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2008-04-17 07:05:00

Behold the full Moon. Ancient craters and frozen lava seas lie motionless under an airless sky of profound quiet. It's a slow-motion world where even a human footprint may last millions of years. Nothing ever seems to happen there. Right? Wrong. NASA-supported scientists have realized that something does happen every month when the Moon gets a lashing from Earth's magnetic tail. "Earth's magnetotail extends well beyond the orbit of the Moon and, once a month, the Moon orbits through it," says...

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2008-04-11 08:00:00

Moondust is dry, desiccated stuff, and may seem like a dull topic to write about. Indeed, you could search a ton of moondust without finding a single molecule of water, so it could make for a pretty "dry" story. But like the dust in your mother's attic, moondust covers something interesting "“ the moon "“ and even the dust itself has curious tales to tell. A group of NASA and University of Alabama researchers are what you might call "active listeners": Mian Abbas, James Spann,...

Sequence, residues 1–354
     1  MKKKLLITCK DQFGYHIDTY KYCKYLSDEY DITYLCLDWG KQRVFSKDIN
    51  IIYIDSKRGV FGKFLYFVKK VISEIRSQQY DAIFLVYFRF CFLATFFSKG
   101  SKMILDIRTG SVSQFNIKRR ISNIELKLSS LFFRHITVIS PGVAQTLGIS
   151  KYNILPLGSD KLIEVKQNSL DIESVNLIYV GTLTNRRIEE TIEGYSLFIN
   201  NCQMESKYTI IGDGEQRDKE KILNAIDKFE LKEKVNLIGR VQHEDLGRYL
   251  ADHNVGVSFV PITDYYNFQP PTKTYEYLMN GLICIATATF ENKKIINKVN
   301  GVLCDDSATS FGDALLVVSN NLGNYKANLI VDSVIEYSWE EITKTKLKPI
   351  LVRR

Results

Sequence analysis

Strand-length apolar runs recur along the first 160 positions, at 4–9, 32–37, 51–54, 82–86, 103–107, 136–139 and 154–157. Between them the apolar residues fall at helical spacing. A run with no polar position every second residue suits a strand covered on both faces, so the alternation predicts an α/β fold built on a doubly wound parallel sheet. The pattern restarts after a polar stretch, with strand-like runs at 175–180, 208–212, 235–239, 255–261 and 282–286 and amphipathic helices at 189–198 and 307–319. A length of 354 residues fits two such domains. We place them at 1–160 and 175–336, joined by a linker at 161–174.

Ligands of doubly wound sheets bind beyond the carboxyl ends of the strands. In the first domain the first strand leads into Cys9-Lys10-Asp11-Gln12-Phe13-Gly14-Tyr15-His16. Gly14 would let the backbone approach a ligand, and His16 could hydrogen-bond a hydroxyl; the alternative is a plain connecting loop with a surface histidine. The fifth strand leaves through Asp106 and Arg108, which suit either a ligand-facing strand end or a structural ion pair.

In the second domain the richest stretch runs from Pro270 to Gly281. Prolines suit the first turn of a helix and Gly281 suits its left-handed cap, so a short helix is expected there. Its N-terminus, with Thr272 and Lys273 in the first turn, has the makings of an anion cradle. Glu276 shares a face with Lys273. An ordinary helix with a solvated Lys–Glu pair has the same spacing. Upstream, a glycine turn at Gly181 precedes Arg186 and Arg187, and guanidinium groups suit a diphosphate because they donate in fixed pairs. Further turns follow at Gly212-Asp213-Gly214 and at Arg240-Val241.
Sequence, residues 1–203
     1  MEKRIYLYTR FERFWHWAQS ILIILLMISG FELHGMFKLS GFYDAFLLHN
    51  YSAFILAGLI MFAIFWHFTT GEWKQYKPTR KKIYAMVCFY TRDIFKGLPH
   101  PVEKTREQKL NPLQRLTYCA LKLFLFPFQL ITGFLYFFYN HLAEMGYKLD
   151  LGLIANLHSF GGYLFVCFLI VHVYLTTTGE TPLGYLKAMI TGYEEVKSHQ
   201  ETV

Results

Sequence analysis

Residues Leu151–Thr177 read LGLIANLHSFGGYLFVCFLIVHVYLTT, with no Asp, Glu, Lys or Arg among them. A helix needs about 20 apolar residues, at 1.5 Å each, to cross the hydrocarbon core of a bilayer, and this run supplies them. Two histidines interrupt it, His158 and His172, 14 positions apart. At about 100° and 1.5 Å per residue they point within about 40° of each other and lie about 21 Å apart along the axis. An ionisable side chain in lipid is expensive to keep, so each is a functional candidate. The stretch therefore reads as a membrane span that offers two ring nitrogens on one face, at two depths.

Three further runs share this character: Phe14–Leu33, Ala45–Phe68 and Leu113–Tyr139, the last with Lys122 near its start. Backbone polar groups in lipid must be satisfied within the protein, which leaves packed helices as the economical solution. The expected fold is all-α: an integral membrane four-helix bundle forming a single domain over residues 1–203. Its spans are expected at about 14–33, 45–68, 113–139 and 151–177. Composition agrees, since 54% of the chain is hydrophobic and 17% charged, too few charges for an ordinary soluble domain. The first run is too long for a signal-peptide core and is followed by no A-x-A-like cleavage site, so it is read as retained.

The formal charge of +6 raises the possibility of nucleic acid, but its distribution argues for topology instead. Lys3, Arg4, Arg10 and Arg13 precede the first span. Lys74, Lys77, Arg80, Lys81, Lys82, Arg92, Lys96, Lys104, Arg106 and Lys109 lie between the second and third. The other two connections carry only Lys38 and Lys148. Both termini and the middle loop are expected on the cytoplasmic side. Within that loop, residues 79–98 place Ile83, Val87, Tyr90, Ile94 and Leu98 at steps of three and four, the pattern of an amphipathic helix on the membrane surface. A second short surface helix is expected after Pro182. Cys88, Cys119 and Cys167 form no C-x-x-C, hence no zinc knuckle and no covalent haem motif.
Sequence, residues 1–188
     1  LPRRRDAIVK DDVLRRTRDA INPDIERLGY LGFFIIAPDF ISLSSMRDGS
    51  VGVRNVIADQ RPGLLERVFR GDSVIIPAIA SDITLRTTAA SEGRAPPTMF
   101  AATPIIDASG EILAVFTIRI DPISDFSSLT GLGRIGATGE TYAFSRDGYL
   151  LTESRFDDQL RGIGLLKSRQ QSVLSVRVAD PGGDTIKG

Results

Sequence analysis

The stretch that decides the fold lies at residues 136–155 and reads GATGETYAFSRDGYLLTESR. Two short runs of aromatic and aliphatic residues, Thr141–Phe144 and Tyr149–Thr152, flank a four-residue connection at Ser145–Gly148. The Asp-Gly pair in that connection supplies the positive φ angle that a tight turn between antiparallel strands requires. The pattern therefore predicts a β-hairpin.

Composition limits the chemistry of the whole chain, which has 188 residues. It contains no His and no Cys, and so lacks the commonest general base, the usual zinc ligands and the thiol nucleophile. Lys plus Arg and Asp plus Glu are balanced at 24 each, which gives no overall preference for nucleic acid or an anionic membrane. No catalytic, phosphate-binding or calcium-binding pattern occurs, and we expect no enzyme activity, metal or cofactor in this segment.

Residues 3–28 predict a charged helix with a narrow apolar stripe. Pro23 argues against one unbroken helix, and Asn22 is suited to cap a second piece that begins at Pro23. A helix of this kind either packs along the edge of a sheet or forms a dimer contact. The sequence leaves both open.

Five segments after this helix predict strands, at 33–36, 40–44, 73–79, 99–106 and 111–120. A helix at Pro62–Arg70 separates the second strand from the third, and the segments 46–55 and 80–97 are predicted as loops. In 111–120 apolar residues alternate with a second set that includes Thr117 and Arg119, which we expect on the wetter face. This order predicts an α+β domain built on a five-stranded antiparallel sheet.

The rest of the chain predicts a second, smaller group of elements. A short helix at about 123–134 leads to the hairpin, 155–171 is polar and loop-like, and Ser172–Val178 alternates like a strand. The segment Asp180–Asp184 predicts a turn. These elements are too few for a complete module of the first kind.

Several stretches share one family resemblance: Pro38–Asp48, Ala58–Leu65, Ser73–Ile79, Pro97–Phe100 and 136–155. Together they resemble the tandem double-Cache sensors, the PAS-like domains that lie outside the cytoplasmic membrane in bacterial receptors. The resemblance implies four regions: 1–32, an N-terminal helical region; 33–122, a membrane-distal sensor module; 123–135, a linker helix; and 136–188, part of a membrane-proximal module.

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2008-03-31 16:34:13

With Americans set to return to the moon, this time for much longer expeditions, the pressure is on to make the journeys safer and more affordable. That is the mission of NASA's robotic scout, the Lunar Reconnaissance Orbiter, also known as LRO. Scheduled for launch in late 2008, LRO represents NASA's first step toward returning humans to the moon by 2020. The Lunar Reconnaissance Orbiter will conduct a one-year primary mission exploring the moon, taking measurements to identify future...

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2008-03-26 21:35:00

A large object may have struck northwest Scotland almost 1.2 billion years ago, according to researchers from Oxford and Aberdeen universities.By studying the impact, researchers reported that it was Landing just shy of present-day Ullapool, the meteorite is reported to be the largest ever to hit Britain, researchers said in the journal Geology. "If there had been human observers in Scotland 1.2 billion years ago, they would have seen quite a show," said co-author Ken Amor, from the...

2008-02-27 17:29:46

This story was updated at 4:45 p.m. ET. Earthlings have mapped the moon's surface for the past 4,000 years, but NASA's latest view is the best yet. Scientists have created a new map of the south lunar pole with Earth-based telescopes that is 50 times more detailed than the last version, created with data from the Clementine spacecraft in 1994. "This data is the highest resolution and the highest accuracy that's ever made of lunar south polar region," said Scott Hensley, a scientist...